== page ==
dir: John Michael McDonagh

2014

We all know how awful the Catholic Church’s legacy of abuse and corrupted silence is. At least, those of us who aren’t apologists for the Church realise that. And it’s also uncomfortably part of the present, because many of the Church’s victims are still alive, some of the abusers still live, and many of those whose job it was to threaten, cajole, or bribe people into silence still reign, and are in wonderfully lofty positions still in the Church’s hierarchy.

But going over that is a very different story from the story Calvary wants to tell. It’s impossible to tell the story of a Catholic priest in Ireland without that awful legacy looming over everything, but the point of Calvary is very different. Its central character is a good priest (Brendon Gleeson). He doesn’t apologise for or deny what went on before; he strives to minister to the people of his tiny village in County Sligo despite their seeming complete indifference to the religion they purport to be a part of.

He, doggedly, refuses no-one, no matter how outright contemptuous they are of him or his faith, or how awful their crimes.

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The Secret Life of Walter Mitty

Secret Life of Walter Mitty

Skate or Die is Walter's new motto, not this Choose Life bullshit!

dir: Ben Stiller

2013

Us lowly shmos. Workaday slobs and Joe Twelve-Packs, people whose dreams died so long ago that the only way we can keep living is through endless material consumption and the magic of cinema, temporarily at least energising us and convincing us that our existence is not entirely futile. One day we could break out of our routines and obligations, and live the lives we once fantasised about.

One day, but not today. Got too much on. Too old to change. Too many people relying on us for us to change and live the way we really want to live.

Who better to remind us great unwashed masses that we should really be living life to the fullest, travelling to far flung places and carpei deim-ing all over the place than a multi-millionaire comedian from Hollywood? Who knows more about pursuing and achieving your dreams than a very successful actor?

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Philomena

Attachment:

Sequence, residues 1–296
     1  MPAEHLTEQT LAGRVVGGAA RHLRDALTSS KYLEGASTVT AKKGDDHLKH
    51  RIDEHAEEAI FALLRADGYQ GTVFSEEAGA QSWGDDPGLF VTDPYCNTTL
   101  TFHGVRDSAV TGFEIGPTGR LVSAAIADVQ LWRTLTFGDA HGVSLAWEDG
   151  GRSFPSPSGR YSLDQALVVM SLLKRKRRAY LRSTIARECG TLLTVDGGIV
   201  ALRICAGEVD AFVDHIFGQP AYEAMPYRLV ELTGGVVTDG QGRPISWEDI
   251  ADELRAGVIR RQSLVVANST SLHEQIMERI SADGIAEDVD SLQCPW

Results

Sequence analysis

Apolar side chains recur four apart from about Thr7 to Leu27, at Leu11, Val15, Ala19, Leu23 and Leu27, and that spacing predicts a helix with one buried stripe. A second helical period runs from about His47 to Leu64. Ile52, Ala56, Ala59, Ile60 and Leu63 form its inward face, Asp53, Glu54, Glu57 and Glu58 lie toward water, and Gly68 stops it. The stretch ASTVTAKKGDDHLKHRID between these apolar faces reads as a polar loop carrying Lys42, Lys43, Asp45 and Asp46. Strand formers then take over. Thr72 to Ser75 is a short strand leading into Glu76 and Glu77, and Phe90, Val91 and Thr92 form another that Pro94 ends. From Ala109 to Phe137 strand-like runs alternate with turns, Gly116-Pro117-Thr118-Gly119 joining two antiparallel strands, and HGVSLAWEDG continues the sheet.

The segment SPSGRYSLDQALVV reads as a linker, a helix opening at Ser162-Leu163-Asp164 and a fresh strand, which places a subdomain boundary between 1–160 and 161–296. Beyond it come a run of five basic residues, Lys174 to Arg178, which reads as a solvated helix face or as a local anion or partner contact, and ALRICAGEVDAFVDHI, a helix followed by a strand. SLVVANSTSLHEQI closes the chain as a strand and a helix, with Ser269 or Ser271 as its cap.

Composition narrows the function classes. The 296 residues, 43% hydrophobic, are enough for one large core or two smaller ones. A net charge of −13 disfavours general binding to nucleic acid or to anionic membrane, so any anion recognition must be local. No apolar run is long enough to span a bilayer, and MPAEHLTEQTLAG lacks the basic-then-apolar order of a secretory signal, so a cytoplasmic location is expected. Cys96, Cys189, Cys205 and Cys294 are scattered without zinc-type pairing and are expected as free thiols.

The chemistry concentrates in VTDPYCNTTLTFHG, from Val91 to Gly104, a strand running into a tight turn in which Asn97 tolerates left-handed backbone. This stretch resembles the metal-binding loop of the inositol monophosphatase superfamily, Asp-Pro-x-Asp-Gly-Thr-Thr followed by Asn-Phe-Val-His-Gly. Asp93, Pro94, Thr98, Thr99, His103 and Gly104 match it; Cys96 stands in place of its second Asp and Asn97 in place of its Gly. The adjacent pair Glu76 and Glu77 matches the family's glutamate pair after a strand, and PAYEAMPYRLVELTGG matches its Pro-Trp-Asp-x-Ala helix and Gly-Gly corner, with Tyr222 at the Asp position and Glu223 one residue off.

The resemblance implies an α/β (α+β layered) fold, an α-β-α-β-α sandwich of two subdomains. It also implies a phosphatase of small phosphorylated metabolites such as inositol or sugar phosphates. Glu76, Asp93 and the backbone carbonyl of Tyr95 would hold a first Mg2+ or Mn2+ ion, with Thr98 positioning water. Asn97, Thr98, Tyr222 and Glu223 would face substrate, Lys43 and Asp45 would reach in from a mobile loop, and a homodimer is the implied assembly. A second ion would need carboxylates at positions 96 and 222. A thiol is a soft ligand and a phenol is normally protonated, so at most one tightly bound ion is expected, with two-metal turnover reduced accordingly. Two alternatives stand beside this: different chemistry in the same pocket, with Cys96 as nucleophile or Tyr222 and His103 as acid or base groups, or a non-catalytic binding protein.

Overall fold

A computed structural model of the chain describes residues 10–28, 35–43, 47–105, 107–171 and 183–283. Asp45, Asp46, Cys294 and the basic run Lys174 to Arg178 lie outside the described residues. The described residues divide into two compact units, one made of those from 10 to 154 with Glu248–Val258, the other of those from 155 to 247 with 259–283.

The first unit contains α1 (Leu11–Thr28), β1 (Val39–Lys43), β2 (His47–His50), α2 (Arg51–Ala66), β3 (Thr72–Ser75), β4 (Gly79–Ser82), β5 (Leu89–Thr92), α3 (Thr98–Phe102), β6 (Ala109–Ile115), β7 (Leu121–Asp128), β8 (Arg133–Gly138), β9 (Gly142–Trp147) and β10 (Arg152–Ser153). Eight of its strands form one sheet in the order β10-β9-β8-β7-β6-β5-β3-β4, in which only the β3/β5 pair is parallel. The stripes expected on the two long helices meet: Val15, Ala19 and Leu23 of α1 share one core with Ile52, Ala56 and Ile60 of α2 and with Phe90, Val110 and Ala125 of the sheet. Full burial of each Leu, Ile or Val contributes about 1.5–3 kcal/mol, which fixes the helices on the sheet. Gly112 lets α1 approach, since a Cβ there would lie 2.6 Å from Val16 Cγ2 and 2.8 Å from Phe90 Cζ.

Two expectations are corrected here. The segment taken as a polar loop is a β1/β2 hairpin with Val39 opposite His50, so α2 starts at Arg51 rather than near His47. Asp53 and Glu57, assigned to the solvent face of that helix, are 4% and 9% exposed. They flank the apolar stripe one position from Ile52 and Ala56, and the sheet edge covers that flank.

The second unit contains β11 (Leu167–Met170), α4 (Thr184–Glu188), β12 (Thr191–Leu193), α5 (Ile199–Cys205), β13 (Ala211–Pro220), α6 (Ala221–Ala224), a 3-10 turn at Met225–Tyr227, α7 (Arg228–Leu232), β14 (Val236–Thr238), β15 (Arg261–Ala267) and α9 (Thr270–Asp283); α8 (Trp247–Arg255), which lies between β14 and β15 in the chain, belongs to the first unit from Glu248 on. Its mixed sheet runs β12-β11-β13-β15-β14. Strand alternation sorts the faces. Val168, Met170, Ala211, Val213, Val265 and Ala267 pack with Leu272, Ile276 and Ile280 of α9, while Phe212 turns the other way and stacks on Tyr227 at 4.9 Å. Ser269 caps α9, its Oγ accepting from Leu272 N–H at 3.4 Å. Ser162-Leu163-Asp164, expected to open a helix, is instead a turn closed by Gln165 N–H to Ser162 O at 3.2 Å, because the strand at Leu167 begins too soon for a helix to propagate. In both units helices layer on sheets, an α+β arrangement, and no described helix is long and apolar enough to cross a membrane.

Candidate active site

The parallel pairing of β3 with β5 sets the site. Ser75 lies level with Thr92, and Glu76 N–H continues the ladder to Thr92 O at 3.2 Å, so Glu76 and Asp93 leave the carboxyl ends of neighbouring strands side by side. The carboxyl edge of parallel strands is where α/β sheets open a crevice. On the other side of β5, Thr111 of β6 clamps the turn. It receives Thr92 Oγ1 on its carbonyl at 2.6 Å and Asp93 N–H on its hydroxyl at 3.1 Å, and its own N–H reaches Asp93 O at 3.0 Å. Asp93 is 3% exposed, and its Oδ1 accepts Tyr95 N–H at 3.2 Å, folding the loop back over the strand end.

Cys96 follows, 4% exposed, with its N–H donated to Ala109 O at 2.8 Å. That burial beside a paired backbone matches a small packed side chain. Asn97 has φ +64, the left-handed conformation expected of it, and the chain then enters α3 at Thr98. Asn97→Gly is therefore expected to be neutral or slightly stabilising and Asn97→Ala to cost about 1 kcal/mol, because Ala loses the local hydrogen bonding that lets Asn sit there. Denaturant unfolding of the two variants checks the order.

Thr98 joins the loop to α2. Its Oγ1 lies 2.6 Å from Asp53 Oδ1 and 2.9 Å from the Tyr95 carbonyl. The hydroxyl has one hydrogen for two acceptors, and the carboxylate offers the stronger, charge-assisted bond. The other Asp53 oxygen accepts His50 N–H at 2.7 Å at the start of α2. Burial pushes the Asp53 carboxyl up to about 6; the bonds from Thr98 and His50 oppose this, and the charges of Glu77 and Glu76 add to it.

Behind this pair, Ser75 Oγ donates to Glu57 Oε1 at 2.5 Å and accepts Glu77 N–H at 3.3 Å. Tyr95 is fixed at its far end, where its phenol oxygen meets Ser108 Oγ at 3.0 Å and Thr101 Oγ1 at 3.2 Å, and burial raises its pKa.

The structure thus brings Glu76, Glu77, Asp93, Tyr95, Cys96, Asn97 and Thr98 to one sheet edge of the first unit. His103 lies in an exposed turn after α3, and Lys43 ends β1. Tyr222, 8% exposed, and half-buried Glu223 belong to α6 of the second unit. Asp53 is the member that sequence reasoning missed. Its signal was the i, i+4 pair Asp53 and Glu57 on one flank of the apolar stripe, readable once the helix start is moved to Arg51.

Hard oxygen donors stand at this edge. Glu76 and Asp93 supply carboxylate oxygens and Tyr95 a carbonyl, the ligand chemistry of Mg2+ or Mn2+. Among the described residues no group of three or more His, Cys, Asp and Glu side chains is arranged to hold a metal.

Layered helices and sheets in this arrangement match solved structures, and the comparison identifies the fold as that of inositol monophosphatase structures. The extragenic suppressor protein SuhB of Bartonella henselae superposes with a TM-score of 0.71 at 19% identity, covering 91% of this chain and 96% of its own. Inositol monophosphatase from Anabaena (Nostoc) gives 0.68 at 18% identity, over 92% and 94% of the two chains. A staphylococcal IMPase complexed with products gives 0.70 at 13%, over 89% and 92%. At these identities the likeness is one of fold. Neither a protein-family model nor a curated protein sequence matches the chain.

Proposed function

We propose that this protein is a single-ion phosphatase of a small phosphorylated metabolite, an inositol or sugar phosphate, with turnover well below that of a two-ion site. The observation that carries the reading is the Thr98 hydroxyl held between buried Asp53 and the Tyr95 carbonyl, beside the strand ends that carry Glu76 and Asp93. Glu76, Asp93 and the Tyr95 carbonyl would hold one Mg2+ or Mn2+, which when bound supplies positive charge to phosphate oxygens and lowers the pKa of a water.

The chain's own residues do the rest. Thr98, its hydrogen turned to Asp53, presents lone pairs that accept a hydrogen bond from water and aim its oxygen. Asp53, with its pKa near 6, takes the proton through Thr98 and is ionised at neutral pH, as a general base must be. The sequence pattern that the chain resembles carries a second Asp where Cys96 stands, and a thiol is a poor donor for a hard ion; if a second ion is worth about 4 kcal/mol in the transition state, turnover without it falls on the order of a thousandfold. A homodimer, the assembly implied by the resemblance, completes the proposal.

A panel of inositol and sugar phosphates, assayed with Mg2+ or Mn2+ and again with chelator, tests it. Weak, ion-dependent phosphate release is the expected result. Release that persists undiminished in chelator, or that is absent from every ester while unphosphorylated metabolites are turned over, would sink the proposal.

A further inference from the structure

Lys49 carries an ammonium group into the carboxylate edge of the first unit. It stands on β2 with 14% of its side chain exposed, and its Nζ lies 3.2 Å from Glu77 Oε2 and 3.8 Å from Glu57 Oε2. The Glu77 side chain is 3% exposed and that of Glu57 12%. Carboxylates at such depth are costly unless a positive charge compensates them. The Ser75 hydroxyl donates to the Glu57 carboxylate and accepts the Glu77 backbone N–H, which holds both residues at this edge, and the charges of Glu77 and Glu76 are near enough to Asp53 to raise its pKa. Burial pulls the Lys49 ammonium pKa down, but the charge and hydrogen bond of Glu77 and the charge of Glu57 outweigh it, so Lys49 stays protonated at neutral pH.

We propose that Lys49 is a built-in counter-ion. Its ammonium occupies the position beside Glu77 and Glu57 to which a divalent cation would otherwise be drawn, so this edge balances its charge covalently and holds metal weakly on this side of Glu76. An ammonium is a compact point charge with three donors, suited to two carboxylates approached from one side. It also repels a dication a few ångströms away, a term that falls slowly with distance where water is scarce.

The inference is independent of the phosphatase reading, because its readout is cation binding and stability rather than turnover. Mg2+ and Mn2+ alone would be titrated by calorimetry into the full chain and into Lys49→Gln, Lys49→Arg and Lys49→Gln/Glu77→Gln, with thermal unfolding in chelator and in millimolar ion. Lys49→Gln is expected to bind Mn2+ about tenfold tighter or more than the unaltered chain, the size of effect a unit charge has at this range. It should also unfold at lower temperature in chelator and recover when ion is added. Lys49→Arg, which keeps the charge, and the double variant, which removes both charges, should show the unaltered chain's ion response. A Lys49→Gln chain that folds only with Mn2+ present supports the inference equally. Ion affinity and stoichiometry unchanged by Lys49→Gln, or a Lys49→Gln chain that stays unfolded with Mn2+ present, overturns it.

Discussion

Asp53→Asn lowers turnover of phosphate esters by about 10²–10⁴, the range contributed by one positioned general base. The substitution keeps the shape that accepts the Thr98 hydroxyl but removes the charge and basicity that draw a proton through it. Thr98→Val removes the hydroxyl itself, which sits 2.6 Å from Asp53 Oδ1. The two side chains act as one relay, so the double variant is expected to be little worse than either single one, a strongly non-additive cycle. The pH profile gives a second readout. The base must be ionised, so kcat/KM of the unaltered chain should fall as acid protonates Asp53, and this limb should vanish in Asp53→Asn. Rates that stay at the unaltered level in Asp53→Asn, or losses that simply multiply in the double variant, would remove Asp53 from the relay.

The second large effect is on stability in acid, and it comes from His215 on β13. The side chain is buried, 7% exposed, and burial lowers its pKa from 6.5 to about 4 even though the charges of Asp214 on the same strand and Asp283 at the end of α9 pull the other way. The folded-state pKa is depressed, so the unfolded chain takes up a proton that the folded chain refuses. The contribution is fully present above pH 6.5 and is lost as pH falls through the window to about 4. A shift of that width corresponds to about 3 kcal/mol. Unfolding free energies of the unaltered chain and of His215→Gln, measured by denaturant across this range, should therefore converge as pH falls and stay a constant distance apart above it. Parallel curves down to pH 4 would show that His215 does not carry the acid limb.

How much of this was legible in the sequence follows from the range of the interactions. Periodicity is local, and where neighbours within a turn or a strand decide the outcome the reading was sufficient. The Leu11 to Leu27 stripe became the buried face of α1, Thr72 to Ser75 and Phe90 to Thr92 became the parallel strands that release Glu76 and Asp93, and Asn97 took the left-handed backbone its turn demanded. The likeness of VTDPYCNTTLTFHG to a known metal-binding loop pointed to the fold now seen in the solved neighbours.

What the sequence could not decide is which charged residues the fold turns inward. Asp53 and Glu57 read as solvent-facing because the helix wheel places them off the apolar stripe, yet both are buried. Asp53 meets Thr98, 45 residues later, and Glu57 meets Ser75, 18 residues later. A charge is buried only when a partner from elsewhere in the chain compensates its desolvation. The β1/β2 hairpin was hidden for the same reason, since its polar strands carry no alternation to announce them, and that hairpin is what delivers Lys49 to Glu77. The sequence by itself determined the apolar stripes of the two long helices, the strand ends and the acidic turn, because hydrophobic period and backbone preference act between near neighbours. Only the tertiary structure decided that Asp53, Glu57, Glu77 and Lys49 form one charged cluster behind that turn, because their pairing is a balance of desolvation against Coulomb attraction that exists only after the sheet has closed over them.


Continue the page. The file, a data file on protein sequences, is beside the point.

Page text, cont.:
Philomena

Where's me shoe? Ken ye see me shoe anywheres, Martin?
Martin, ken ye see me shoe?

dir: Stephen Frears

Look, I admit that a film about a woman in her 70s - 80s trying to find the son she was forced to give up for adoption 50 years ago doesn't sound like a barrel of laughs.

It sounds like a barrel of misery, in fact, filled up to the brim with bitterness and spite.

Philomena is based on a true story, however, and the fascinating aspects about it, and the parts of the flick that are the most enjoyable, don't really have to do with that singular act of Irish Catholic bastardry.

Philomena (Dame Judi Dench) is a lovely old woman who remembers, quite clearly, quite painfully, that when she was fairly young she committed the mortal sin of getting knocked up. For her crimes she was imprisoned by nuns for four years, and, to add brutal insult to agonising injury, the child fruit of her evil was whisked away by these penguins and sold to Americans for a hefty chunk of change.

They took the boy away and just gave him over, specifically without telling her.

They didn't and wouldn't tell her where he went, or give her any information, even decades later, as to where he ended up, with whom and where. Fifty years later the lies continue.

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August: Osage County

August: Osage County

The only way to stop her is to kill her. But then you become the new her.

dir: John Wells

Some families… some families are so toxic that they shouldn’t exist.

Some characters are so toxic that they’ll either make you cringe in horror, or you’ll feel compelled to give them awards, to make them stay away.